Caledonia land dispute


After reading Lynda Powless’ Insight article on the Caledonia land dispute in The Record, I still don’t understand Caledonia. I just don’t see how the dispute is the same as other First Nations’ claims. Canadian First Nation bands were the  original land owners before the Queen and some never surrendered their land under proper treaties. The fact remains that the Six Nations were granted the land at the end of the 18th century. The Six Nations were refugees and immigrants in a new land just like the United Empire Loyalists who also received land grants. I was taught that common law holds land ownership under the guise of a legal fiction. Technically, nobody but the queen in Canada owns land outright as it is merely loaned by the queen. Others are only allowed to hold "estates" in the land. The Six Nations held the land in fee simple just like the United Empire Loyalists and should have been allowed do what they please with the land including sale to another and the ability to pass it on to next of kin ad infinitum.  I understand that this was not allowed and some sales were done without the consent of the Six Nations.  It seems to me that they have a case for compensation where "successive Canadian governments have failed to live up to their obligations." Even if they are "not Canadians" the Haldimand tract was and is Canadian land subject to common law and the issue must be resolved under the law.  The second part which appeared on Monday October 30th, written by Ken Coates, a University of Waterloo history professor, did not address the question either. I still don’t know how the Five Nations claim is the same as other First Nations’ claims and different from the way United Empire Loyalists hold the land they were granted at the same time.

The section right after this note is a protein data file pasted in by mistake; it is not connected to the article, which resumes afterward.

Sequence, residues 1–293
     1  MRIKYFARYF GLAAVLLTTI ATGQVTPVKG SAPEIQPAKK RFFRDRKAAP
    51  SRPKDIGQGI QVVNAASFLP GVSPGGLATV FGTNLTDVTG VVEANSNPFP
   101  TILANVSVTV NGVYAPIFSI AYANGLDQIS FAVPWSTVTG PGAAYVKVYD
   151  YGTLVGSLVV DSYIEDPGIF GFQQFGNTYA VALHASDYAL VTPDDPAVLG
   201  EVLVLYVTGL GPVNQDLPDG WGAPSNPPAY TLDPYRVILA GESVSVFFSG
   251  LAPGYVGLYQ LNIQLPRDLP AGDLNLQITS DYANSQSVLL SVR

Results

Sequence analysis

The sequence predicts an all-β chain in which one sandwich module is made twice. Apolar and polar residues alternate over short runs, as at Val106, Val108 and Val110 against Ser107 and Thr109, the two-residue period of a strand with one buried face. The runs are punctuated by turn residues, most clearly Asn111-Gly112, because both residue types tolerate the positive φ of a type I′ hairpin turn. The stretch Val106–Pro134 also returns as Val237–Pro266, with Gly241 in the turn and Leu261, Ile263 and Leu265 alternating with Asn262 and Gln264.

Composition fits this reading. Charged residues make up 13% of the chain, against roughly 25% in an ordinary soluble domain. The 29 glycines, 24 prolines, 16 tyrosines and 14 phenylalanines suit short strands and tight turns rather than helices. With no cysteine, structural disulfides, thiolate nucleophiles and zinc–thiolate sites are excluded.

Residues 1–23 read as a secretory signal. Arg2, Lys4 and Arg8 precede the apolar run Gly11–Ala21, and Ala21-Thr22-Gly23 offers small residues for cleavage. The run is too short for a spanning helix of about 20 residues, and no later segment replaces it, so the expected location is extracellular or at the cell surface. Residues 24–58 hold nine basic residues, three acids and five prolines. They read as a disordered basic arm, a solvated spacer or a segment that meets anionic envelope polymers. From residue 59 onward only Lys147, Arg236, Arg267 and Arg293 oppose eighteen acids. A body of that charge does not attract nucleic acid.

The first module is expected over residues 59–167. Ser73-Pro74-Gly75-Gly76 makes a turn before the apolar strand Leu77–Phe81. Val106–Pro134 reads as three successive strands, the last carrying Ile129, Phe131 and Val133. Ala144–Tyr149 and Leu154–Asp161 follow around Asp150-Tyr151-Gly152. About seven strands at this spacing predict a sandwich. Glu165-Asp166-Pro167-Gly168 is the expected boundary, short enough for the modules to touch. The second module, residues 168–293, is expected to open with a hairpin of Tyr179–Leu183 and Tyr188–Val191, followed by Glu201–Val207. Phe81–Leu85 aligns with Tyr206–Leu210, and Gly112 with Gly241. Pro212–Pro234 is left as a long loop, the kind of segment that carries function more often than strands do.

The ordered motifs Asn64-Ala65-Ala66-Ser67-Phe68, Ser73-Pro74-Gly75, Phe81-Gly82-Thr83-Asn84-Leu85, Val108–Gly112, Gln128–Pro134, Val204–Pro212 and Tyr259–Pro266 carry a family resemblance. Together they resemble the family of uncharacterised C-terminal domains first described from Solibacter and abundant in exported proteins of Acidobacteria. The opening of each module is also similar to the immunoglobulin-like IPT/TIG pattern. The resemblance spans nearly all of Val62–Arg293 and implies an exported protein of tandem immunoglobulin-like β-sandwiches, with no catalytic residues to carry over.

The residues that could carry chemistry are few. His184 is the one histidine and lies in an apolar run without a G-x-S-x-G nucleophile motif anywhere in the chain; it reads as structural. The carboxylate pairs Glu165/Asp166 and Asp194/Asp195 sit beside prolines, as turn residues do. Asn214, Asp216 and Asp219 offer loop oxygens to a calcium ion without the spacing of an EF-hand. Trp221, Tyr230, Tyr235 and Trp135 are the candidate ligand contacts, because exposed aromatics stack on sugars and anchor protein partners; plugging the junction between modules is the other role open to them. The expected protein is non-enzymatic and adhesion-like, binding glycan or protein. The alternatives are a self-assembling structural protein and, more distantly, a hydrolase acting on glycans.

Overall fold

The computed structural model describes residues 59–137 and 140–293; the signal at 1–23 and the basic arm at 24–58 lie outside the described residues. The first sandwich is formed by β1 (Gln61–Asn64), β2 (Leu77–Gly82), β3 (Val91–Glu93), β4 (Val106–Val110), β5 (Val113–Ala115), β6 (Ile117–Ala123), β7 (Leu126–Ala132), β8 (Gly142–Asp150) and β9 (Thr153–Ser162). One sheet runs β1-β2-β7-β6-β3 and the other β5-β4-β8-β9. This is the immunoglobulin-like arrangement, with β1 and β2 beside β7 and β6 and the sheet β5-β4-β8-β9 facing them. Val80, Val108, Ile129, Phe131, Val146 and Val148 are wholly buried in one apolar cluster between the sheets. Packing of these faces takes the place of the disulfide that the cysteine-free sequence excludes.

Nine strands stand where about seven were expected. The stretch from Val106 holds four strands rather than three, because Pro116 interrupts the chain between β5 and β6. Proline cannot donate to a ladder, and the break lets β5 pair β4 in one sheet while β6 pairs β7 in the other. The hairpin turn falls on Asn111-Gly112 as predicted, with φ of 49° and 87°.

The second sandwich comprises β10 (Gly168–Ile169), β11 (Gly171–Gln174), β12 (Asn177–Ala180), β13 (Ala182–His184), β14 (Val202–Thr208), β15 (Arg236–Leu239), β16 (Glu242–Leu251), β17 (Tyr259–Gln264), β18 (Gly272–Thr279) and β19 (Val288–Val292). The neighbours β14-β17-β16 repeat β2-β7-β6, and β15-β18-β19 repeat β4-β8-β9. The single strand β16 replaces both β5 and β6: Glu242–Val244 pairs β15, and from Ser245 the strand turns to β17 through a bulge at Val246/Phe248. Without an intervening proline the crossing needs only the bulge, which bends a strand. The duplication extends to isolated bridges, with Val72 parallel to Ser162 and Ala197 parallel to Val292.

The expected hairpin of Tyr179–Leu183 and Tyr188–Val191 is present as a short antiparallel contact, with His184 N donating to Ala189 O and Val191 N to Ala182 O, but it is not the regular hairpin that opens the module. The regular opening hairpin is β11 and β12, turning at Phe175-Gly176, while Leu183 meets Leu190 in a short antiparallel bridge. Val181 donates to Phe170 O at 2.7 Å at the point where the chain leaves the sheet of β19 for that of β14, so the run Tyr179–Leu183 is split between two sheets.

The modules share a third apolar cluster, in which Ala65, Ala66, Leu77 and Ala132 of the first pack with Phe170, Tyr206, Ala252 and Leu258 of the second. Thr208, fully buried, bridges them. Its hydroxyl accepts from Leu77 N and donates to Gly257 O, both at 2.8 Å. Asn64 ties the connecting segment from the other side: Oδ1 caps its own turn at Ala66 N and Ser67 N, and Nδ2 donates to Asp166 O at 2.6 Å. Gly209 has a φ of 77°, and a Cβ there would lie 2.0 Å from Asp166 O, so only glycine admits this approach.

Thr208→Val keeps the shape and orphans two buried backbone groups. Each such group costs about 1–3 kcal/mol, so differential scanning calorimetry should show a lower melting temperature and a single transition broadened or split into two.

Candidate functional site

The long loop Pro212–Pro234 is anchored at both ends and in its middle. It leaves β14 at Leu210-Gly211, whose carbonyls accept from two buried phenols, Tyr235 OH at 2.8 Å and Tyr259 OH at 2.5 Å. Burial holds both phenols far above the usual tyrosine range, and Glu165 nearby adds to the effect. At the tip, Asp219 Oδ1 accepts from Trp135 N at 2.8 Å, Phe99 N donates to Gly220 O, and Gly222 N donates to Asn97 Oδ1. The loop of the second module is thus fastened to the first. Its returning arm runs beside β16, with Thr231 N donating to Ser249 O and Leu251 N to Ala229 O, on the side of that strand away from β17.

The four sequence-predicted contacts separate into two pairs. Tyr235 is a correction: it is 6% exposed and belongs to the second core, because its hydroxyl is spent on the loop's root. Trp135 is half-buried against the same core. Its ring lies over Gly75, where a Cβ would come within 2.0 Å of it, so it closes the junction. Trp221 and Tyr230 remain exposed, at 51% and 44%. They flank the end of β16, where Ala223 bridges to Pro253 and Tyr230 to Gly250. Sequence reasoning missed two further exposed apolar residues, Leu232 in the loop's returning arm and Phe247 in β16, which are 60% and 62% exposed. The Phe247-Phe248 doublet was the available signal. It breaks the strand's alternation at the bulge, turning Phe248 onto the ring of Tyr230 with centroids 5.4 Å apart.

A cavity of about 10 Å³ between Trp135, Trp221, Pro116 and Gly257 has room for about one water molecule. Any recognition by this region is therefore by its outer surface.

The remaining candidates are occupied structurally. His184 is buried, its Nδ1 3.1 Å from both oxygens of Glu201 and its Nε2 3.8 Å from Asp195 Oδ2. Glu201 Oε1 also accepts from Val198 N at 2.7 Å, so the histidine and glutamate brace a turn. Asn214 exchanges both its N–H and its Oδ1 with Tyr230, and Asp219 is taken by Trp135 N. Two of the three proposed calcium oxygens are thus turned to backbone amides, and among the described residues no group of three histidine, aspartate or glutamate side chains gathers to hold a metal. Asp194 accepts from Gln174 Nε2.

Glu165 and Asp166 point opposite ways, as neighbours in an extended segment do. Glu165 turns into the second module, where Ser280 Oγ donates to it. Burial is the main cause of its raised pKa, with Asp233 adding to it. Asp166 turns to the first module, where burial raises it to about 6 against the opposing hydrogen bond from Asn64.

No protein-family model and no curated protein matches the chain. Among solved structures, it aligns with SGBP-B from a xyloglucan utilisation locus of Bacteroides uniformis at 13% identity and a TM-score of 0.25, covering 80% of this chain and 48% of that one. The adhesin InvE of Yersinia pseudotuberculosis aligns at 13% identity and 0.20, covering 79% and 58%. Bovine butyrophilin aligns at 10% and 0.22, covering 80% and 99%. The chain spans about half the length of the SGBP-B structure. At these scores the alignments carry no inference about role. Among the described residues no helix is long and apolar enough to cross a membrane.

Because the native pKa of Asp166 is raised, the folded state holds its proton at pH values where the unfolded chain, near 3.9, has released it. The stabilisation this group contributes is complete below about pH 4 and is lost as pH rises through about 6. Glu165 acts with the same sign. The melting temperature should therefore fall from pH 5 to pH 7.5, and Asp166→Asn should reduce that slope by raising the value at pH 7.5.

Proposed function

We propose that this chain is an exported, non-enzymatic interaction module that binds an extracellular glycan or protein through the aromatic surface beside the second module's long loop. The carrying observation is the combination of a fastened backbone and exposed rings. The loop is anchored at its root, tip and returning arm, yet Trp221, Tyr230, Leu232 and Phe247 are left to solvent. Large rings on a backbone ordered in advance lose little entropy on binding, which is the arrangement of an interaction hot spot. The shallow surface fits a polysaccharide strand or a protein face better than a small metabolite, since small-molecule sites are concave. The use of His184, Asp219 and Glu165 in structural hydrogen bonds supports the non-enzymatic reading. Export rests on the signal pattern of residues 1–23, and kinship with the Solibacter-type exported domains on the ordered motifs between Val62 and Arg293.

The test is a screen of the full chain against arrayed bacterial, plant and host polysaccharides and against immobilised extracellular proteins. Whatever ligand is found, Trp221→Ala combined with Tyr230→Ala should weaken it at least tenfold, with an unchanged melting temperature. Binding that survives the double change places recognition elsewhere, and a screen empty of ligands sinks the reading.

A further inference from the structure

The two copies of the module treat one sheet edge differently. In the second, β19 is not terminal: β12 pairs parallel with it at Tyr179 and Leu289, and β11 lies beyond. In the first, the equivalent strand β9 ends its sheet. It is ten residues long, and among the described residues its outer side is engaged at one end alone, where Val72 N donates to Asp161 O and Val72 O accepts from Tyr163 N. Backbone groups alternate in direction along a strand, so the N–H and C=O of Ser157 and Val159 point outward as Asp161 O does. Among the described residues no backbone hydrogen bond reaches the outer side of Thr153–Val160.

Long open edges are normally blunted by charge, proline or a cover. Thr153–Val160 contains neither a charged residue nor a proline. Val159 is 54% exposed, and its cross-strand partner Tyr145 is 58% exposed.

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About thebows99krug

Hi, I am Eric, a retired librarian. I was born in St. Michael's Hospital, Toronto and raised in the downtown area north of the Art Gallery, south of the University of Toronto. I went to Orde Street Public School, Harbord C.I., University College at the UofT and the UofT's Faculty of Library and Information Science. I meet my wife Patricia at FLIS; our first date was on November 15, 1968. We were engaged February 14, 1969 and married on June 21, 1969. Our family includes son, James; daughter-in-law, Erin; (both writers), grand-daughters, Vivian and Eleanor; and Pooka, a small but fierce gray tabby. I would like to hear from any other class of '63 alumni of Harbord C.I. and class of '67 alumni of UofT's University College.
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